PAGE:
What's Trump's Secret Plan To Destroy ISIS? It's Literally Obama's Exact Strategy

President Donald Trump saying something to reporters as he departs for travel to Poland and the upcoming G-20 summit in Germany, from the South Lawn of the White House in Washington, July 5, 2017. Reuters

Donald Trump offered an alternative along the campaign trail to former President Barack Obama's strategy on defeating the Islamic State militant group (ISIS), promising a "secret plan" that would ensure "total victory."

Turns out, his strategy for wiping out the extremist terror group remains exactly the same as Obama's, albeit with a few slight revisions to the implementation and bureaucracy involved.

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The military has more freedom in deciding when and where to strike ISIS targets without much oversight under Trump's plan, which has yet to be made public by the Pentagon. But the operation of reducing ISIS's influence by targeting local terror leaders and influential members of the group—a strategy developed by the Obama administration over his two terms in office—reportedly remains exactly the same.

Donald Trump attending a lunch with members of the military during a visit at the Central Command (CENTCOM) and Special Operations Command (SOCOM) headquarters in Tampa, Florida, February 6, 2017. Reuters

Hence why the Trump White House has remained silent about its ISIS strategy: the Daily Beast reported Wednesday officials are working to rebrand Trump's version of combatting terror before presenting it to the public.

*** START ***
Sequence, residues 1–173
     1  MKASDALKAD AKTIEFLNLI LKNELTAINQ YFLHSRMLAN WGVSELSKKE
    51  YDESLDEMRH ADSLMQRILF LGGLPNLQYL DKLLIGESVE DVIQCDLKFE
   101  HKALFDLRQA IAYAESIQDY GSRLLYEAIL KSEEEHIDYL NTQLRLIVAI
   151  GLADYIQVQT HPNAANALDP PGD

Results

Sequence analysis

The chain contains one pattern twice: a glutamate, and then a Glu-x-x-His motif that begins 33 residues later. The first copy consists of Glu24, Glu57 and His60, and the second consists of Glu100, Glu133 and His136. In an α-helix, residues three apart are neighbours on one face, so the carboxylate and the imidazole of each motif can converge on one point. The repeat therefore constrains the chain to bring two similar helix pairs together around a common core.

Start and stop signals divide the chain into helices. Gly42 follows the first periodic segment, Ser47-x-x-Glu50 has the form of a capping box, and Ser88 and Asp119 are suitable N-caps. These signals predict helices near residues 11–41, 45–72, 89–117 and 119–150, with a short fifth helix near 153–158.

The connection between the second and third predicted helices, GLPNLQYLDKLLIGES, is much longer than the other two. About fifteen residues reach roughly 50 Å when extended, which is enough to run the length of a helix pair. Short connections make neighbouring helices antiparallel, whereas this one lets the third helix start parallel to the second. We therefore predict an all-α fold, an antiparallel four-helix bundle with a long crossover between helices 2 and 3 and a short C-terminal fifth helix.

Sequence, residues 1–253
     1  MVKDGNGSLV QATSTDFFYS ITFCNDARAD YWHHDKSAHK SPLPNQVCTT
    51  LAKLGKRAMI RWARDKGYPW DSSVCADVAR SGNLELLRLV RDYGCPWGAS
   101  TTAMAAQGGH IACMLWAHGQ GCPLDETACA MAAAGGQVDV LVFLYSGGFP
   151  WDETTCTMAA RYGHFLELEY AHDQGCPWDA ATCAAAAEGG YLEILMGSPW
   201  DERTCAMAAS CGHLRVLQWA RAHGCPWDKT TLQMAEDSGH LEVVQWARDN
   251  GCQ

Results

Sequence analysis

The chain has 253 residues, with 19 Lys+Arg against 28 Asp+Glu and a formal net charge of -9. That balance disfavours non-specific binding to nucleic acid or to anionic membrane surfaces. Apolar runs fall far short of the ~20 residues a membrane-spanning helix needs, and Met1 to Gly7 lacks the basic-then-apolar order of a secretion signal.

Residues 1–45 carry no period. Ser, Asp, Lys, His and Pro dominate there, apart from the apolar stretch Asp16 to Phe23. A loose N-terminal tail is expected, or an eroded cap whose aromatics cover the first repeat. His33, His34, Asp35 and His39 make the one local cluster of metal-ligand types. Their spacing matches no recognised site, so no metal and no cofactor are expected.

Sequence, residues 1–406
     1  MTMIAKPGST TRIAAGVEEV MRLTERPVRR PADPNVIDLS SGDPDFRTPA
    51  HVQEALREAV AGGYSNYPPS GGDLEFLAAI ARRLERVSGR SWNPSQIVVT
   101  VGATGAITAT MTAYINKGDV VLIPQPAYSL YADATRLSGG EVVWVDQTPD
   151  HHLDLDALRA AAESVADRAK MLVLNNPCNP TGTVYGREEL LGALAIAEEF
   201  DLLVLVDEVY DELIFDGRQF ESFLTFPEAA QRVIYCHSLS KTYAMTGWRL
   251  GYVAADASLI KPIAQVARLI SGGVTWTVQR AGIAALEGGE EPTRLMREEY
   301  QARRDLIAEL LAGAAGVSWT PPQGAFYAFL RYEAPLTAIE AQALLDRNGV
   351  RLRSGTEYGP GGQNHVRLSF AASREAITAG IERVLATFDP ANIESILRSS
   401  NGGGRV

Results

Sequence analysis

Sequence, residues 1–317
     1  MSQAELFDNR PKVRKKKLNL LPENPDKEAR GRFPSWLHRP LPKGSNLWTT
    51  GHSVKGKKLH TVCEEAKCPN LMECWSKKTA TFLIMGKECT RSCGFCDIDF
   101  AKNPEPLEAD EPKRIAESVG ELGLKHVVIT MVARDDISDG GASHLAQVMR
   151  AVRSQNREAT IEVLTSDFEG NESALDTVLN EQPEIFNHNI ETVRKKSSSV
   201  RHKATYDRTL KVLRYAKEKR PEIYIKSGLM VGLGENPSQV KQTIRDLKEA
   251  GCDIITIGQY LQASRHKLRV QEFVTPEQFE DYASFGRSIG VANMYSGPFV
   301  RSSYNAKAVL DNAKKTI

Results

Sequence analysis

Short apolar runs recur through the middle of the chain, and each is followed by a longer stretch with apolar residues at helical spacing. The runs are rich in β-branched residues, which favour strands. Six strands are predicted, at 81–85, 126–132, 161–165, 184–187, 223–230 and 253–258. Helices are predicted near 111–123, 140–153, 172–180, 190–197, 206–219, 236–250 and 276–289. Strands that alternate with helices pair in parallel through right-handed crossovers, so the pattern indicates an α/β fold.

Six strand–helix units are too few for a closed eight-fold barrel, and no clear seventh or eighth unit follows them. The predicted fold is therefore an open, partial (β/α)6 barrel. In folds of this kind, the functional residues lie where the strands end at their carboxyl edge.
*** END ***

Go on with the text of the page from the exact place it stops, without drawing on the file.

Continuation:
"The White House has asked defense officials to come up with new ideas to help brand the Trump campaign as different from its predecessor, according to two U.S. officials and one senior administration official," the Daily Beast's Kimberly Dozier wrote Wednesday. "Trump's changes thus far have also been tactical rather than adjusting the overall campaign strategy."

The number of top ISIS leaders killed by U.S. special operations forces has tapered off from 80 in the final six months of Obama's presidency to just 50 since Trump took office; a sign that the strategy developed by Trump's predecessor is working, according to several U.S. officials.

"The pace and the way they have gone about going after these HVT's [high-value targets] hasn't changed," said Col. Ryan Dillon, spokesperson to the U.S. special operations' campaign to kill ISIS commanders in Iraq and Syria, adding many leaders connected to the group's head Abu Bakr al-Baghdadi were already killed. "Most of them were killed in the last year of the Obama administration."

Whereas the Obama administration had a say in approving or rejecting certain special forces operations, airstrikes and targets, Trump has delegated much of that responsibility to his military commanders, the Washington Post reported.

"The current plan to defeat the Islamic State is just like that old saying: Plan B is just, 'Try harder at Plan A,'" former Admiral James Stavridis told NBC.

Trump repeatedly claimed his method to defeat ISIS while in office was far apart from any other strategy developed, yet refused to divulge any of the specifics in multiple interviews throughout the 2016 presidential election.

"The problem with politics is if I tell you right now, everyone else is going to say, 'Wow, what a great idea.' You're going to have 10 candidates go and use it, and they're going to forget where it came from, which is me," Trump told the Des Moines Register in 2015. "But no, I have an absolute way of defeating ISIS."